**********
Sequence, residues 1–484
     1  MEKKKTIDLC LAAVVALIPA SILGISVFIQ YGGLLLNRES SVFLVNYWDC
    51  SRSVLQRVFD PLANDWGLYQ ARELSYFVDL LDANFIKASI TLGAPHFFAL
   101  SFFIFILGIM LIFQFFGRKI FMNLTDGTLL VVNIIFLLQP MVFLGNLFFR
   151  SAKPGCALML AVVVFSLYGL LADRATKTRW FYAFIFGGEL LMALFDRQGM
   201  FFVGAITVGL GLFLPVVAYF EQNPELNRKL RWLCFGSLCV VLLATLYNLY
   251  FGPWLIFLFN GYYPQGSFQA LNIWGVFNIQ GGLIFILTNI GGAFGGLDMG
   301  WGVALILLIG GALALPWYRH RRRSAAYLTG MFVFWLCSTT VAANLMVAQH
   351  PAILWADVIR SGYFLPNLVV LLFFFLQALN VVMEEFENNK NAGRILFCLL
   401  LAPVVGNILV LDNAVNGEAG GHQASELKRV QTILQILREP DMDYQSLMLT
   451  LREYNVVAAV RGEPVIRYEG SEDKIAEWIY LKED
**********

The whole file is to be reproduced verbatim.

Sequence, residues 1–484
     1  MEKKKTIDLC LAAVVALIPA SILGISVFIQ YGGLLLNRES SVFLVNYWDC
    51  SRSVLQRVFD PLANDWGLYQ ARELSYFVDL LDANFIKASI TLGAPHFFAL
   101  SFFIFILGIM LIFQFFGRKI FMNLTDGTLL VVNIIFLLQP MVFLGNLFFR
   151  SAKPGCALML AVVVFSLYGL LADRATKTRW FYAFIFGGEL LMALFDRQGM
   201  FFVGAITVGL GLFLPVVAYF EQNPELNRKL RWLCFGSLCV VLLATLYNLY
   251  FGPWLIFLFN GYYPQGSFQA LNIWGVFNIQ GGLIFILTNI GGAFGGLDMG
   301  WGVALILLIG GALALPWYRH RRRSAAYLTG MFVFWLCSTT VAANLMVAQH
   351  PAILWADVIR SGYFLPNLVV LLFFFLQALN VVMEEFENNK NAGRILFCLL
   401  LAPVVGNILV LDNAVNGEAG GHQASELKRV QTILQILREP DMDYQSLMLT
   451  LREYNVVAAV RGEPVIRYEG SEDKIAEWIY LKED